We’ve all heard that “knowledge is power”. We’ve been through job interviews where the questions focus on how a specific technology works, even questions about how a specific API is named. Is all of this enough to make us good software engineers?
The word Philosophy comes from Greek and it is composed of two other words: “philo” = <love of> and “sophia” = <wisdom>.
What would wisdom be? Isn’t it enough to learn yet another “cool” technology to do our job? When I was a young developer I loved intellectually challenged projects. I could not wait to work on one. I would just plunge into it, imagine the coolest possible solutions, write a lot of complex code, try to prove myself smarter and better than others around me. I would go that far as being blind to the needs of the business, milestones and schedules.
After years and with age different perspective arises. We are not in the business of writing software, we are in the business of making money. What matters is the outcome: software is a mean to an end, a tool we create for our clients and customers.
After being through many projects, some successful and some more or less failures, I learned something I haven’t found in any book so far, I learned to look for the answers to these questions: how can I use a specific technology in an efficient way? How can I design and write my code so in the future it will not be expensive to maintain? What is the bigger picture, can I see the forest or I’m blinded by the trees?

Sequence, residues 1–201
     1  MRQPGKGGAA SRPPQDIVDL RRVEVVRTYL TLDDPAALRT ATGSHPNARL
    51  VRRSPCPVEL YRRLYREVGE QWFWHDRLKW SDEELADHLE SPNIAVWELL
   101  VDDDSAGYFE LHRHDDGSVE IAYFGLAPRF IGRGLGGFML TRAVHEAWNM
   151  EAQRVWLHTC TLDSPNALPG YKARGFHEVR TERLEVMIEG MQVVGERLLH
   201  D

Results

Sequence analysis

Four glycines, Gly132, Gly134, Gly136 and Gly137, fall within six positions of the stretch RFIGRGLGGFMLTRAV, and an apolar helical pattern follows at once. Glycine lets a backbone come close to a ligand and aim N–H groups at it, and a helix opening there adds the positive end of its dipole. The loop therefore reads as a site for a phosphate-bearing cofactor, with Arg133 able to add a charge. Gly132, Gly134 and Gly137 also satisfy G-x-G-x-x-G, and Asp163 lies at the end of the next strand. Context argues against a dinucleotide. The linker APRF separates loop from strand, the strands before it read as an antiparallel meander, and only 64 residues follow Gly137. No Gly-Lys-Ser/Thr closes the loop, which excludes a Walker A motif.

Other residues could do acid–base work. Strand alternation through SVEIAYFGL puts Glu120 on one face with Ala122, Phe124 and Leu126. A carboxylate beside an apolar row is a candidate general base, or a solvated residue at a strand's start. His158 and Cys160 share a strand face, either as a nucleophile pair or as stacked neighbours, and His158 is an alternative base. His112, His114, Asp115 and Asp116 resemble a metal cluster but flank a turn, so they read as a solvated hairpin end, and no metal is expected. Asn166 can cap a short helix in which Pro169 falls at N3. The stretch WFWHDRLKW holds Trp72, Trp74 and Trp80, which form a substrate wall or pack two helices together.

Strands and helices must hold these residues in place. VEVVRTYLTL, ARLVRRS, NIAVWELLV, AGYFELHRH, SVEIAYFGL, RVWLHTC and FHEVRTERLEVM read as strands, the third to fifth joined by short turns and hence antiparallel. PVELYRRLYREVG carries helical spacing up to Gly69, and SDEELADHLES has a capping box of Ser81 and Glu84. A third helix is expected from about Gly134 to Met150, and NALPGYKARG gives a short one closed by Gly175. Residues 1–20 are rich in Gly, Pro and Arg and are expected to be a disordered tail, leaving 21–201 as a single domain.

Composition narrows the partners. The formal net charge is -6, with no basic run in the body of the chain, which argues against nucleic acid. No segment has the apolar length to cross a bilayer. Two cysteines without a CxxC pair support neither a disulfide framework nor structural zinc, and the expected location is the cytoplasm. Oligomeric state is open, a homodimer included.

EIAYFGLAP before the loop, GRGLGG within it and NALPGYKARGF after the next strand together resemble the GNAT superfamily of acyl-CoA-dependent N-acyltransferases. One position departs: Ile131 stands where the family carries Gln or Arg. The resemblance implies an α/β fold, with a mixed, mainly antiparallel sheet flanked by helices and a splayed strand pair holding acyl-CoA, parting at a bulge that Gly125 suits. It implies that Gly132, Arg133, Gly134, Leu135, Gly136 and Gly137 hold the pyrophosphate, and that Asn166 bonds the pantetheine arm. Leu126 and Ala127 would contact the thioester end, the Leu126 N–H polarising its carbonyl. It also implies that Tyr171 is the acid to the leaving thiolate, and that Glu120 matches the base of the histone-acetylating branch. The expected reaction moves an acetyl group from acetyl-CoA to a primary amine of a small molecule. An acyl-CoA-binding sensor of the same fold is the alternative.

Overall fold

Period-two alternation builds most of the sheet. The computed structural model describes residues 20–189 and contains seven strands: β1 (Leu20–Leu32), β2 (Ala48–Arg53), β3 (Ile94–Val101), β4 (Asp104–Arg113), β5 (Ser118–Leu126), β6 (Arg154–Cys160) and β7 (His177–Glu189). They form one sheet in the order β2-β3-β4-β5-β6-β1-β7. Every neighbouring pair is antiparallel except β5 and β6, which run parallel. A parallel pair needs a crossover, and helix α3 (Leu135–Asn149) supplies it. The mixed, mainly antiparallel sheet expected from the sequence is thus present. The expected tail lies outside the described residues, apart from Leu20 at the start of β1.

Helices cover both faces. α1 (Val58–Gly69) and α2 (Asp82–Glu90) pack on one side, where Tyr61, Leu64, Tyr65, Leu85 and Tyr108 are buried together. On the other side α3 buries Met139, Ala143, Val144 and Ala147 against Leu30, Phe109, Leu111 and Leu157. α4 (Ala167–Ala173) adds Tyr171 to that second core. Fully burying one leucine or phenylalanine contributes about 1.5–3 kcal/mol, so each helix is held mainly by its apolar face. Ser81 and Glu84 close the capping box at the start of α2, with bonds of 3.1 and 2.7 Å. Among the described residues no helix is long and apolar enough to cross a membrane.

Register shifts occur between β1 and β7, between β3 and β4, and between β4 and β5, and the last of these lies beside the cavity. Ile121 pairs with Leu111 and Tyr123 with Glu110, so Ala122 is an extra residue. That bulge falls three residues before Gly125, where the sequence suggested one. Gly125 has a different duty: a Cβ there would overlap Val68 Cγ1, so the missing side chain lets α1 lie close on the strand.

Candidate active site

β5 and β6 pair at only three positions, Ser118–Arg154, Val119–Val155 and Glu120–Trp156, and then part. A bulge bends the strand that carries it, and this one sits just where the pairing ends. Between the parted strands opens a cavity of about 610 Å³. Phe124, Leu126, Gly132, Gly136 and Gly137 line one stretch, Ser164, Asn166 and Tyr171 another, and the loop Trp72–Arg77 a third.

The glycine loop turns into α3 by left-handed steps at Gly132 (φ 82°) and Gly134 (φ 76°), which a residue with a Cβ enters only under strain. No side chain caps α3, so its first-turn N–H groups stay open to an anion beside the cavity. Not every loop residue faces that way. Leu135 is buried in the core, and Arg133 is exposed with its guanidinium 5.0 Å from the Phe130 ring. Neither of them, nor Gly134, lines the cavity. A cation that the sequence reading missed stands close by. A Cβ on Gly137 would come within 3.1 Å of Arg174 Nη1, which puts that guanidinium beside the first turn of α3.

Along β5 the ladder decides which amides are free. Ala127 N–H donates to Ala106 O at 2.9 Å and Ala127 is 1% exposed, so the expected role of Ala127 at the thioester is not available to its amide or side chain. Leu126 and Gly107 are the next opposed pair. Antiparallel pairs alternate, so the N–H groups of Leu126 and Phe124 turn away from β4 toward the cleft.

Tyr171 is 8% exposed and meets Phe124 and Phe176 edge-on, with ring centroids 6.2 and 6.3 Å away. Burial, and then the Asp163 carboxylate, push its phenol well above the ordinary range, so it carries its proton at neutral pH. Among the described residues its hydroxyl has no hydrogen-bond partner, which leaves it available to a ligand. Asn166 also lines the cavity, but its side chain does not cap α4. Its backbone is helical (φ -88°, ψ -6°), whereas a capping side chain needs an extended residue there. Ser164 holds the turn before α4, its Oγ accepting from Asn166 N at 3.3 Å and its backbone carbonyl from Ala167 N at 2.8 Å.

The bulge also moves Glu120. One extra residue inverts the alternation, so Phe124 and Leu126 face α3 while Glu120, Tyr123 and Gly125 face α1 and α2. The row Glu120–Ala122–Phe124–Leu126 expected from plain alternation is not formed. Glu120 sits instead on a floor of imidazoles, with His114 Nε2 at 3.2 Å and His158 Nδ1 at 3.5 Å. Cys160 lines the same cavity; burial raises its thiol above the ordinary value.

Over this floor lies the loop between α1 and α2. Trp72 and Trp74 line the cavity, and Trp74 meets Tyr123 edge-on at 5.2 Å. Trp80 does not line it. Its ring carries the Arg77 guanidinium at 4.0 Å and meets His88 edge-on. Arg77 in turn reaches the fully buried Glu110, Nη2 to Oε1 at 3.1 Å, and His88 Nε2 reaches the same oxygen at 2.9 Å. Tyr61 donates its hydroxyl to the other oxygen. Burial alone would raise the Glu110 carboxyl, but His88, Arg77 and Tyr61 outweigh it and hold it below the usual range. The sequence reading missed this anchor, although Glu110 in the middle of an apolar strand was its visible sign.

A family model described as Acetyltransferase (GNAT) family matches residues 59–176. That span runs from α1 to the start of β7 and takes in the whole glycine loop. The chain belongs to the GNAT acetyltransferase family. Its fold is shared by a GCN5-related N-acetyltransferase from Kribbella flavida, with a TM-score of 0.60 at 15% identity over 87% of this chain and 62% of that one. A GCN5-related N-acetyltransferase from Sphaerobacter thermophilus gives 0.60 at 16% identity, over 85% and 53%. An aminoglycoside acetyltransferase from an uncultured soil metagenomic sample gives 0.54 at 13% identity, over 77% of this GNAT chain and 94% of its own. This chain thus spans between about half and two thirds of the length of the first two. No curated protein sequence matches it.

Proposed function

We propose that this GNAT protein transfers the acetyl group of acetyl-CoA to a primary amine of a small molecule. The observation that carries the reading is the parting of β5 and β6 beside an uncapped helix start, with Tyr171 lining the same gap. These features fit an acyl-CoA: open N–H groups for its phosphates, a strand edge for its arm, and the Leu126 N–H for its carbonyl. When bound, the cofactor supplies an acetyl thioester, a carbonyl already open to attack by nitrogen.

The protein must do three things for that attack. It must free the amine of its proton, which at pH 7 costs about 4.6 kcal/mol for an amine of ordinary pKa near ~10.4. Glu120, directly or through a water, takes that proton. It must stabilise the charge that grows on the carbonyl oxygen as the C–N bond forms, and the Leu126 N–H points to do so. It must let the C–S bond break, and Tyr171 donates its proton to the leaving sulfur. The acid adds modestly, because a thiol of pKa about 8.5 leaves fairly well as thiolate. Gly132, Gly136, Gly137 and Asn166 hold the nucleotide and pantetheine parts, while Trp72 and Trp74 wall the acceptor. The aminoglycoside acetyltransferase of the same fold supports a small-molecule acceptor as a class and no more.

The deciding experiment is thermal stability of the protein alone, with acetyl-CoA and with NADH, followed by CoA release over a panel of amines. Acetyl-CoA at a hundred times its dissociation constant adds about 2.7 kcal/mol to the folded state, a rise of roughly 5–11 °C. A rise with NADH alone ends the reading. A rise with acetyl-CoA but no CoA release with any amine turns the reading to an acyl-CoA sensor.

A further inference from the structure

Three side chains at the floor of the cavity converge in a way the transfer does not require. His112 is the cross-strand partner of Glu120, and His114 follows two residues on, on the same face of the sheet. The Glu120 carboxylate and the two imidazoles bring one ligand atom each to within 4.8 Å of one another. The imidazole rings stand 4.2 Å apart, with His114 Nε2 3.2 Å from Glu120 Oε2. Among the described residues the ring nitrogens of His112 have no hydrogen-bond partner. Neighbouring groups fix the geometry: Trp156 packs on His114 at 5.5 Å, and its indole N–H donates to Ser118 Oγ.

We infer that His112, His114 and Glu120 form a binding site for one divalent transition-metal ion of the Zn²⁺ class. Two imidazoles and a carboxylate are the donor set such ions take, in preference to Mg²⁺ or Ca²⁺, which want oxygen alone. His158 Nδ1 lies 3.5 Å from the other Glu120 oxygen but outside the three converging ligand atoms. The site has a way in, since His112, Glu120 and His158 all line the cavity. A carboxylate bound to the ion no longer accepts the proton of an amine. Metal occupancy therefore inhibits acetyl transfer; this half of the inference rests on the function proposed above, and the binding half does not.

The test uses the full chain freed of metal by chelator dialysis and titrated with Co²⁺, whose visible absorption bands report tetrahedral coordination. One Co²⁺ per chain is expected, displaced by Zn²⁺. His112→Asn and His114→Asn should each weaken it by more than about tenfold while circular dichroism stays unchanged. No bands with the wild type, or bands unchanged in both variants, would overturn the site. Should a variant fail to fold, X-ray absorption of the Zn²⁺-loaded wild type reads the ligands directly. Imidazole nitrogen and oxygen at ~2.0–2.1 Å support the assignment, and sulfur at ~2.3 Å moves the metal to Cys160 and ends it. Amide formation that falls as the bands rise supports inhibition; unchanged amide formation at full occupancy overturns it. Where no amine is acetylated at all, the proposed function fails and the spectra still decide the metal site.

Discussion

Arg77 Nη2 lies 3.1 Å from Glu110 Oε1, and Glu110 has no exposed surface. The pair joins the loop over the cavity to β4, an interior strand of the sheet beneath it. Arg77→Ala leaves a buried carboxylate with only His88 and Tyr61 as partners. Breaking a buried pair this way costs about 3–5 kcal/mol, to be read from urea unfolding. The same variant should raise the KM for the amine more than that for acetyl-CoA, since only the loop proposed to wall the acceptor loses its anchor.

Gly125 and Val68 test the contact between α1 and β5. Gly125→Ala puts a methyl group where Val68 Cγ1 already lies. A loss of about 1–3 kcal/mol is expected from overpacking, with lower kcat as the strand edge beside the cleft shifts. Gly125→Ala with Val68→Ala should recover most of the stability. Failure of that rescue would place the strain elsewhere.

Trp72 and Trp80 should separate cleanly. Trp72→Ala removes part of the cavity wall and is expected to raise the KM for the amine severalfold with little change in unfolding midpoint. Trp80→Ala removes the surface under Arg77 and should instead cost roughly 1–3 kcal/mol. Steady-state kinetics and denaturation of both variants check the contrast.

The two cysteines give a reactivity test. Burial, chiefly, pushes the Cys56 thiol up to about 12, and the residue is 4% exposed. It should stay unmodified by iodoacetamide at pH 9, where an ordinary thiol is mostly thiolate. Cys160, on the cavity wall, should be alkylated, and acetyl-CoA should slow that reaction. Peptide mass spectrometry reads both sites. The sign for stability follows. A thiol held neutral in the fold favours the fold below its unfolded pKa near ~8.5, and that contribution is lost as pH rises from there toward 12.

This attitude means that I need to understand more than just a simple API or the newest and the coolest technology. What I need is a new set of skills that makes us good software engineers; it is the wisdom of knowing the “patterns” of behaviors that could lead to success.
It is in fact what actually makes a good Software Architect. The smart developers who know the newest coolest technology have their place in a project; after all you do need someone to understand all the subtleties of a technology to do a good job. That’s not enough. You also need the Software Architect with the wisdom of seeing the bigger picture, someone to see how the pieces fold into each other to make a big project, otherwise a software application can end up being a pile of one million lines of code that does not scale, it is slow, is has memory leaks and in the end it is useless.
Knowledge may be enough and it could very well work for some small projects. When you spend tens of millions of dollars and years on a complex project, you cannot succeed without the wisdom of a good Software Architect.
Until that is well understood many projects will partially or totally fail while the Software Architects are caught between a rock and a hard place. To the business they are just brains on a stick: “yeah, we need you but we will make all the decisions without you”, to some developers they will seem useless because “this guy does not know all the subtleties of data binding in WPF”.
It is also said that normal people learn from their own mistakes while wise people learned from others’ mistakes. If you have a complex and an expensive project can you afford to make mistakes in order to learn from them?